Jacklin was able to keep making music fun for her by switching up the way she writes songs. The exuberant, ’70s folk-infused piano pop number “Love, Try Not To Let Go” was the first song Jacklin ever wrote on the keyboard. “It was like, ‘How do I reconnect with songwriting and be able to remove some of the pressure out of my own head?’” After touring her intimate and personal album Crushing, Jacklin was left emotionally drained. “Guitar brings with it a lot of baggage,” she says. “You can get stuck in the same string patterns and you just feel like it’s quite easy to write the same song over and over again.”
So she instead turned to piano, an instrument she knew next to nothing about, to relieve some of the self-imposed pressure of songwriting. “I’m not proficient in any way. I think that made me feel a bit more excited at myself, excited at things that I was doing, because it just felt new and different,” she says. “Whereas the guitar was just starting to make me feel a bit sad. We’d been through too much together, so I think playing the piano was a fresh element.” Her experimentation paid off, as “Love, Try Not To Let Go” is one of the more buoyant songs on the album. Jacklin’s voice reverberates over a delicate, swirling melody. The chorus breaks down to a frantic mix of fuzzy guitars and hurried snares before floating back to the piano-driven beat, like a wave swelling then lulling back on itself.
“I Was Neon” is another danceable number on the album. It shows how Jacklin was letting go and having fun with music. An upbeat, fuzzy riff establishes a jaunty tempo while Jacklin’s lyrics find her appreciating who she is at this current moment. “Am I gonna lose myself again? / I quite like the person that I am,” she repeats. Whereas her more sanguine songs on Crushing were still, well, crushing at times, tracks like “I Was Neon,” “Lydia Wears A Cross,” and “Be Careful With Yourself” maintain a joyful quality while not losing Jacklin’s unique ability to speak directly from her soul.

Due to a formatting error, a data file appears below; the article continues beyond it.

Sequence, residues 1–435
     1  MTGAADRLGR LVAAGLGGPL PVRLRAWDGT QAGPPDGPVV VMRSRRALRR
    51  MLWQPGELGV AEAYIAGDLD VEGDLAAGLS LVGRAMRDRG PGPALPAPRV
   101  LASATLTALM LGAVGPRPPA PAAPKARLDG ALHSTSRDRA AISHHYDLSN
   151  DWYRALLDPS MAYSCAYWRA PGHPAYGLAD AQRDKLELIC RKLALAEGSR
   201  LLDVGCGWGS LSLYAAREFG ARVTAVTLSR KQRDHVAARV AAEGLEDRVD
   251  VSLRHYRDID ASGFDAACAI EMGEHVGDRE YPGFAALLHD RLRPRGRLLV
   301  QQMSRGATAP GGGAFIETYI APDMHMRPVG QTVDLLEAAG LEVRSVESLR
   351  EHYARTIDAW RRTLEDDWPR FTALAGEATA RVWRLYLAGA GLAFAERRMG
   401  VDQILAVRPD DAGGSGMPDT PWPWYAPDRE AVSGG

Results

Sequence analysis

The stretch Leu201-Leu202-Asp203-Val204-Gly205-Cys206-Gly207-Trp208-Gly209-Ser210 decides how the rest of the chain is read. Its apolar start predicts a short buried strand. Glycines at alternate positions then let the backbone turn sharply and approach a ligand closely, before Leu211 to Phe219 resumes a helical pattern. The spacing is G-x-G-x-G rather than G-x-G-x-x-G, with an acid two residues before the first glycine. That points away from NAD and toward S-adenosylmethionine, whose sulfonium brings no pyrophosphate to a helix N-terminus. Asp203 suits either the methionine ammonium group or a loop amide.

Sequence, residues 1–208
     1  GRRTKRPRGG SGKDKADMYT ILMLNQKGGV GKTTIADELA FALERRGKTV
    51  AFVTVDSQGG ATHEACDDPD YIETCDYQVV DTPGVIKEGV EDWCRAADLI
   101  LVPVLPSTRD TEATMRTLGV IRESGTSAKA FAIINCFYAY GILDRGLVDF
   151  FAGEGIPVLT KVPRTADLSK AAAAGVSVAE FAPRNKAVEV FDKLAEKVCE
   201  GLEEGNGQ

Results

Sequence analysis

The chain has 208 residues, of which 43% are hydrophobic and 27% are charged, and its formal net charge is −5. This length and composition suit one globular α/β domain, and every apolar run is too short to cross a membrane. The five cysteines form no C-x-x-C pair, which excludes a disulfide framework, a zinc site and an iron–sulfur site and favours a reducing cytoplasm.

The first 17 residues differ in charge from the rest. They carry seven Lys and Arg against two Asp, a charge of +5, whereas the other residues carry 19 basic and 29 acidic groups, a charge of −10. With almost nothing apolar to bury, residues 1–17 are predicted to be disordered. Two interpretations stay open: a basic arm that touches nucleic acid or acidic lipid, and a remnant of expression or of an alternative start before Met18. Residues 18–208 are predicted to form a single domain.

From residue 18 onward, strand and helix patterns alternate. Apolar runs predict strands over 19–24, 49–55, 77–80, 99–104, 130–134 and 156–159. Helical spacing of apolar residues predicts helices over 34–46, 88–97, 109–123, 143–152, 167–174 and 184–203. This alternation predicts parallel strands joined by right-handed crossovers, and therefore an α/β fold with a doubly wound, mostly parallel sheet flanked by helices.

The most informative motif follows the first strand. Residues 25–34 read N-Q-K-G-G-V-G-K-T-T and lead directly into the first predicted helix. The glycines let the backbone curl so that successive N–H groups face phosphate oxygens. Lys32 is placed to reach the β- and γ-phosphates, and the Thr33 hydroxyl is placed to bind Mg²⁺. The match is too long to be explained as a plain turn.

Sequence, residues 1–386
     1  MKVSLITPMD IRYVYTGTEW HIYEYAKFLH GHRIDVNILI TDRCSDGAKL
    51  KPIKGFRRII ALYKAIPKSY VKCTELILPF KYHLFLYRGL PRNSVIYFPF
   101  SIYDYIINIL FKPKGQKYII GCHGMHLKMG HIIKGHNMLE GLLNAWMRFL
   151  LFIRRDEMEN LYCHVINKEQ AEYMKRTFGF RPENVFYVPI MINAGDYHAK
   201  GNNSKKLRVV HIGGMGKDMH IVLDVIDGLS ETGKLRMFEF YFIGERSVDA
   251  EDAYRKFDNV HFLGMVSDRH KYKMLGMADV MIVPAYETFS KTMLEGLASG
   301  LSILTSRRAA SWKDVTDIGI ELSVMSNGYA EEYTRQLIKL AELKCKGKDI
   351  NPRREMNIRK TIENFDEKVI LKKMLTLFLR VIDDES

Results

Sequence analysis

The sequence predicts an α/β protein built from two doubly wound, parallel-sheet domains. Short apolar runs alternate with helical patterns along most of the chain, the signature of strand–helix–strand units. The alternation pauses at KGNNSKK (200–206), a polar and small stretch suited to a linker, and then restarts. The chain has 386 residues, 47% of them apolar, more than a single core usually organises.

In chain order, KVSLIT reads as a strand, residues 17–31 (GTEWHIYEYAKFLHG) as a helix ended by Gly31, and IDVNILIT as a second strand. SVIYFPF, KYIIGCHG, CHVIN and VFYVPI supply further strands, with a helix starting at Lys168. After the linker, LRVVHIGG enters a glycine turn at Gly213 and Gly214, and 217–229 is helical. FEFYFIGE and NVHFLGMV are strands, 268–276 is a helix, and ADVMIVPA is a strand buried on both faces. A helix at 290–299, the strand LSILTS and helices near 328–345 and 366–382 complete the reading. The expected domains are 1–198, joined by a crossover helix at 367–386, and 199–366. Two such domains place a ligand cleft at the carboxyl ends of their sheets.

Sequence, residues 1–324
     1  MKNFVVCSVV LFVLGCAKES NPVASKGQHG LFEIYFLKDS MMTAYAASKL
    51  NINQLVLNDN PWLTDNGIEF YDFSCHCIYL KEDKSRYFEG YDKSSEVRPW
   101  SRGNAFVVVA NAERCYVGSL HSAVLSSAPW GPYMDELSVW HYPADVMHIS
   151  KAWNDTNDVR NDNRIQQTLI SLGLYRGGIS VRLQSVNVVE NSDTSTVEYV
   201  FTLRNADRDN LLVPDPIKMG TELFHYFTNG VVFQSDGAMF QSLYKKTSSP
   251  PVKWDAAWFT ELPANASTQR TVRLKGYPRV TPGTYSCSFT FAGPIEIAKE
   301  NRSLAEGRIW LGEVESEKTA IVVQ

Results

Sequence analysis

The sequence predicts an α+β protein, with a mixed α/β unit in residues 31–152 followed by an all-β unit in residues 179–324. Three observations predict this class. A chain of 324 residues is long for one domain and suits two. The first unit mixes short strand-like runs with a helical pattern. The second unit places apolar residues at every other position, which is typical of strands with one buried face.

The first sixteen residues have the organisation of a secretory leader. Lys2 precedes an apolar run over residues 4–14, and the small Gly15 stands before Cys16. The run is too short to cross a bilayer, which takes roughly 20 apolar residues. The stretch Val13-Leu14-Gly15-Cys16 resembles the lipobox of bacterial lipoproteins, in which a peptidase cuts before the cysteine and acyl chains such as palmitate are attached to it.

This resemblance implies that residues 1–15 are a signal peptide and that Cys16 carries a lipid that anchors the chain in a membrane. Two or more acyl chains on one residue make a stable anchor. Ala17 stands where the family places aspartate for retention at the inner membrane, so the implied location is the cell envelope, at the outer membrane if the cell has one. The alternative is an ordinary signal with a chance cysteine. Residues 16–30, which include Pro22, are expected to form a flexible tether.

While several songs on the album reflect her current state of mind, tracks like “Lydia Wears A Cross” and “Ignore Tenderness” unpack lessons learned in her youth. Like most women, Jacklin had a lot of learning — and unlearning — to do about her *** as an adult, which was only magnified by her Catholic school upbringing. “Lydia Wears A Cross” lays out a realistic vision of indoctrination, with a young girl going through the motions of prayer and praise without fully grasping its meaning. The girl sees her Catholic school uniform simply as a dress to feel pretty in, and thinks listening to the Jesus Christ Superstar soundtrack is a pious act.
Meanwhile, “Ignore Tenderness” is a lesson on combating society’s lessons on what *** should be for women. “There was no [*** education] in school or family, it was just like zero information about anything to do with *** as a young person,” Jacklin recalls. Any messaging she’d get about *** as a teenager was from an abstinence-only framework, which has time and time again been proven harmful, or disingenuous *** tips from Cosmopolitan designed to be more scandalous than insightful. “Living within *** culture and living in the early-mid 2000s, which was when I was a teenager, I thought that as I got older, I would naturally shed all of that. But it’s been a lot harder to shake all of that shame and stigma. That stuff is fused into your psyche.” “Ignore Tenderness” addresses this early messaging, with lines about watching *** and getting “conflicting advice” like “be naughty but don’t misbehave.”
While Jacklin has done a lot of work from unpacking her religious upbringing to unlearning those weird Cosmo *** tips, she still hasn’t fully figured herself out. And that’s okay. For now, she’s content in liking the person she is in this moment, and trying not to over-analyze it — especially in her music itself. “I think if songwriting was super cathartic, songwriters would be like a happier group of people,” she says. “It’s important to put your feelings down on paper or in a song, but there’s so many other things you need to do to live a fulfilling life.” For Jacklin, part of that fulfillment comes from conquering “pre-pleasure” and finally living in the moment.
Pre-Pleasure is out now via Polyvinyl. Get it here.